Interpreting what a (say) 95% confidence interval actually means is obviously tricky, especially when you are trying to teach it to students just beginning to learn stats.
One of the biggest challenges for me is that most definitions of confidence intervals actually use the concept of "confidence interval" as part of the interpretation itself. For example:
"Strictly speaking a 95% confidence interval means that if we were to take 100 different samples and compute a 95% confidence interval for each sample, then approximately 95 of the 100 confidence intervals will contain the true mean value."
I understand that this definition isn't viciously circular, but it's a nightmare to try to explain to students, who naturally wonder how we can define a confidence interval as telling us what will happen if we calculate a bunch of different confidence intervals.
Frequentism is what it is, and I know that we can't technically say that (e.g.) "there is a 95% probability that the true mean lies within the bounds of the 95% CIs," but I'm wondering if there is any way to accurately define what a frequentist confidence interval means that doesn't itself refer to confidence intervals.
Based on my understanding of frequentism, I think I have an idea for such an interpretation, but I'm not at all sure it is correct.
Let's say that we are trying to estimate the population mean $\mu$ of some variable Y. We draw a random sample of N observations, and from that sample we estimate a mean $\hat \mu$ and a standard deviation $\hat \sigma$. Using the $\hat \sigma$ and N we calculate a standard error and then use that to calculate a 95% confidence bounds of A and B.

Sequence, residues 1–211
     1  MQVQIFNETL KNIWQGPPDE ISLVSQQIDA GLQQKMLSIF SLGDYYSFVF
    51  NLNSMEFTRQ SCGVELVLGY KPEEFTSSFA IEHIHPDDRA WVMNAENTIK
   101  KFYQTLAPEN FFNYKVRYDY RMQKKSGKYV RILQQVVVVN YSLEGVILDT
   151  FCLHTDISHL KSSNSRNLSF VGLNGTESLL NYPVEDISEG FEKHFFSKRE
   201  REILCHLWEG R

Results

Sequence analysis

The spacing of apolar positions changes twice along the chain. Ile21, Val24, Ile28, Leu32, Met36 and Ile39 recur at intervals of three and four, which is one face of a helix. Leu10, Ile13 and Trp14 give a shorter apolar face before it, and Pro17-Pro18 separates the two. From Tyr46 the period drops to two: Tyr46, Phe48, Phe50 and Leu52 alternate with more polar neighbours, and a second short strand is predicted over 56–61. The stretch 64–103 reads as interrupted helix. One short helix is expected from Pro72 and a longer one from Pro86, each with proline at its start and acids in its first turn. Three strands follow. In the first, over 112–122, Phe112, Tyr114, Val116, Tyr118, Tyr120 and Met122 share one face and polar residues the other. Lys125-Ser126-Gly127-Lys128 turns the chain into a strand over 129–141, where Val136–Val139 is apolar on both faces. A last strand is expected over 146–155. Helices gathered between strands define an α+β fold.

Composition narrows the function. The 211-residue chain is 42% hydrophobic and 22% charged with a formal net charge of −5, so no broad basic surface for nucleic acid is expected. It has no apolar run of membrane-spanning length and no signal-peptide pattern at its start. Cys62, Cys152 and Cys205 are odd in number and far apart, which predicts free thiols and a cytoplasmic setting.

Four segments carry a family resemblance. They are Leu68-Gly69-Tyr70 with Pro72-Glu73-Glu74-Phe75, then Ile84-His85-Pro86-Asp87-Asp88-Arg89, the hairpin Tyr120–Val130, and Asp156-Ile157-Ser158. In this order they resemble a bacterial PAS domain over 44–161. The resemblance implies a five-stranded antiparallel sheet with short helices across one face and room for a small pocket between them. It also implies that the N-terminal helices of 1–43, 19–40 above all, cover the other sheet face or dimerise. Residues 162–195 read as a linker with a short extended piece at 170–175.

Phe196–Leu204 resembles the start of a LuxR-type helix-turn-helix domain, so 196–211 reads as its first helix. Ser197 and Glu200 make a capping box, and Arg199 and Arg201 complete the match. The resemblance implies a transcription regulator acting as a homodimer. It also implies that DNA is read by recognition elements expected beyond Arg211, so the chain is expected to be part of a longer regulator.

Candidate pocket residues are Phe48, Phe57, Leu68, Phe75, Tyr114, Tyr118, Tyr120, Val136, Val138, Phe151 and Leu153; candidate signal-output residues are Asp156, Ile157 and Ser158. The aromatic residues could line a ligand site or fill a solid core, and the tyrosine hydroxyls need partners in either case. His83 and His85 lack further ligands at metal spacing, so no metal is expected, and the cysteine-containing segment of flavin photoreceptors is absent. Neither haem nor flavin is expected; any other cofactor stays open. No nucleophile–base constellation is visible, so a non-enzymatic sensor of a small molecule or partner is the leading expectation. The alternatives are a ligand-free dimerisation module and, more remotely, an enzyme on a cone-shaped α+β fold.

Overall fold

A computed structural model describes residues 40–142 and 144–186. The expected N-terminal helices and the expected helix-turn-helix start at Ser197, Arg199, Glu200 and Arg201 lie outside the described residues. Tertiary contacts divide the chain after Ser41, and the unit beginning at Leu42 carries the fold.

My proposed interpretation of these values is: if it were true that the true mean of Y were the $\hat \mu$ we actually estimated, and we replicated our study a 100 times, estimating the mean of Y each time, then 95% of those estimates of $\mu$ would fall between A and B.
This is clearly different from how CI's are usually defined, but based on my understanding of frequentism, sampling error, and the central limit theorem, I feel like this is a valid (and potentially more intuitive) interpretation. It is based on a conditional, but since that's something we do when interpreting p values ("if the null hypothesis were true...") it's a concept that students encounter elsewhere in statistics, and I feel it might be less confusing than the apparently circular definition used in most textbooks....assuming it's statistically accurate.
So two questions:
- Is this a statistically valid interpretation of what a confidence interval means?
- Does anyone know any other interpretation of confidence intervals that don't themselves refer to confidence intervals?
Edit: It seems the answer to #1 is "no" (although it would be great if someone could explain why that interpretation is incorrect). I also realize I should clarify that for #2, what I'm really interested is in an intuitive interpretation of what a particular, estimated CI range means (i.e. to fill in the blank in the following sentence: "I have calculated a 95% CI around an estimate that ranges from A to B, this means that __________ between A and B") that doesn't itself refer to the concepts of "confidence" or "the process of calculating confidence intervals."